Besides the technical capacity afforded by infrastructure projects, the HE data gaze is also embodied in new working practices. The expansion of HE data use generates demand for new kinds of data workers and for forms of expertise to deal with analytics, visualization, interpretation and communication. The Office for Students, for example, has recruited new data strategists, managers and analysts as in-house data experts, while also catalysing other agencies and universities to ‘up-skill’ their administrators. HESA and Jisc run an annual Data Matters conference to bring HE data practitioners up to speed with the latest developments and requirements. They also co-manage a professional development program called Analytics Labs to support HE data workers to build their data skills. Generating maximum value from HE data means seeking new ways to optimize humans to perform analyses that can contribute to enhanced and accelerated decision-making.
As decision-making is increasingly augmented by fast-flowing data, new kinds of cognitive capacities and demands are being introduced into HE. As David Beer has noted in his study of data analysts, the complexity of data work involves significant hybridity with automated systems, bringing about new kinds of human-machine relations where human workers are assisted and augmented by computerized forms of intelligence. The media theorist NK Hayles has conceptualized ‘cognitive assemblages’ as combinations of human and machine intelligence. From this perspective, human cognition is increasingly interpenetrated by forms of ‘nonconscious cognition’ that work at speeds surpassing human perception and at levels of computation exceeding human comprehension. As a result, technical systems have become co-extensive with human cognition, while humans have become part of the extended nonconscious cognition of machines too.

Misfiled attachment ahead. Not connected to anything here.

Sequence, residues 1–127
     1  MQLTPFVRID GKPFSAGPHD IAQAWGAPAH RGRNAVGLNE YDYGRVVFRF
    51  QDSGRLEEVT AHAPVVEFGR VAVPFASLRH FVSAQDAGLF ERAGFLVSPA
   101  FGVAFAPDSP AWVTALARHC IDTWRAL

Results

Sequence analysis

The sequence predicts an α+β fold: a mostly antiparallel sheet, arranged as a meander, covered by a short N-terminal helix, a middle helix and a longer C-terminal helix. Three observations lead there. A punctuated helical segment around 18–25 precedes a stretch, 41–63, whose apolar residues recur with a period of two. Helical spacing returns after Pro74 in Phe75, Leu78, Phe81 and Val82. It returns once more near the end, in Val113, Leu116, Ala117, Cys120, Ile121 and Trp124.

As in the data analytics industry, HE data workers are now increasingly working in cognitive assemblages, relying on machines to support their analyses and decision-making. The management centre of the contemporary university is in the process of becoming a cyborg centre, with a data gaze that sees through one conscious human eye and one nonconscious machine lens. In this emergent cyborg setting, significant sectoral power flows to those data professionals who can adequately work alongside the machines, make interpretations from the data they produce, and communicate findings to other stakeholders. The innovation think tank Nesta has termed these human-machine hybrid experts ‘unicorns’. Unicorns are a rare and mythical super-class of data professionals simultaneously able to strategize, crunch numbers, and passionately persuade others that their eye for pattern detection can produce truthful representations of reality. Chair of the Office for Students, Sir Michael Barber, is of the unicorn variety. In a recent lecture on data and joy, he outlined a unique combination of computer-mediated enumerative expertise and deep human passion for analysis. In the cyborg management centre of HE, authority increasingly lies with these unicorns, those passionate cognitive assemblages of human and machine intelligence that are privileged through their joyful data gaze to discern and convey to others the objective ‘facts’ and ‘truths’ of higher education.
The super-fast, ultra-smart, semi-automated university is not inevitable. The HE data gaze is already under threat from emerging agendas to ‘disquantify’ higher education through alternative qualitative data and responsible metrics. Large-scale infrastructures, however, are hard to change once they have been built. The glossy idea of a smart university or intelligent campus is easy to criticize, but hard to resist once it has become the central operating system for the sector.
Ben Williamson is a Chancellor’s Fellow at the Edinburgh Futures Institute and the Centre for Research in Digital Education at the University of Edinburgh. His latest book is Big Data in Education: The digital future of learning, policy and practice (Sage, 2017). He also maintains the Code Acts in Education research blog and on Twitter he is @BenPatrickWill.
IMAGE CREDIT: Photo by Stephen Dawson on Unsplash